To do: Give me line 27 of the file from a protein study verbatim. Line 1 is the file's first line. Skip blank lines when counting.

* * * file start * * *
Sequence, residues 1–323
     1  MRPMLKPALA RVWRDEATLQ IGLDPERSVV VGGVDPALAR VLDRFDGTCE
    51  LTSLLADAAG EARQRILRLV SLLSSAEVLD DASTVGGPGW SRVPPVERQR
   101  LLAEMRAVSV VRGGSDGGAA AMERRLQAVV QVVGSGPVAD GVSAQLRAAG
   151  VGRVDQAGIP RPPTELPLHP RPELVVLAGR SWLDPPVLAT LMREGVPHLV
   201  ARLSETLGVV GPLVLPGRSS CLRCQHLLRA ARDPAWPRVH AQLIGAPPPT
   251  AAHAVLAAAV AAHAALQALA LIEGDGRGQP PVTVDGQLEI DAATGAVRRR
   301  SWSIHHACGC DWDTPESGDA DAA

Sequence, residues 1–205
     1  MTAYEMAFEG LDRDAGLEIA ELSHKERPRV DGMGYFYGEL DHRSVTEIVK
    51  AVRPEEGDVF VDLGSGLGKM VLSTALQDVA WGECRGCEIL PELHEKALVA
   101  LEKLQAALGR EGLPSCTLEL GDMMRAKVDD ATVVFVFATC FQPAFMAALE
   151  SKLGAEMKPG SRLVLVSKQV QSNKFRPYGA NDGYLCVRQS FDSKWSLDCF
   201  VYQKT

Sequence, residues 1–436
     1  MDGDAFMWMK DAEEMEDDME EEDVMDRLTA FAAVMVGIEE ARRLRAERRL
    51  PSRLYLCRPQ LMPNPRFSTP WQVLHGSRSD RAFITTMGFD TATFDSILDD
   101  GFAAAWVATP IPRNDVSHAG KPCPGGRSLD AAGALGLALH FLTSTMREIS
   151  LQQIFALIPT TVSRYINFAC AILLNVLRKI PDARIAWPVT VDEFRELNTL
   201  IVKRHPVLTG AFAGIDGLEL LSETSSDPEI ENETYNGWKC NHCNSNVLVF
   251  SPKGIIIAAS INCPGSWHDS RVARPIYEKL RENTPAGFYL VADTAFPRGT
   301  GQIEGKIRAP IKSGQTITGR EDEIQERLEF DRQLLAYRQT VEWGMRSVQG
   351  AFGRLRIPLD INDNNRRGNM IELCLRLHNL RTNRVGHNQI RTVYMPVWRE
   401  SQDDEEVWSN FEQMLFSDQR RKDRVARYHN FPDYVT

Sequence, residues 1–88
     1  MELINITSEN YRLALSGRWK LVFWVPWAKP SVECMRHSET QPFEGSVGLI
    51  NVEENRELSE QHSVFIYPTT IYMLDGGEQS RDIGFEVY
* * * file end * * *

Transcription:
    51  NVEENRELSE QHSVFIYPTT IYMLDGGEQS RDIGFEVY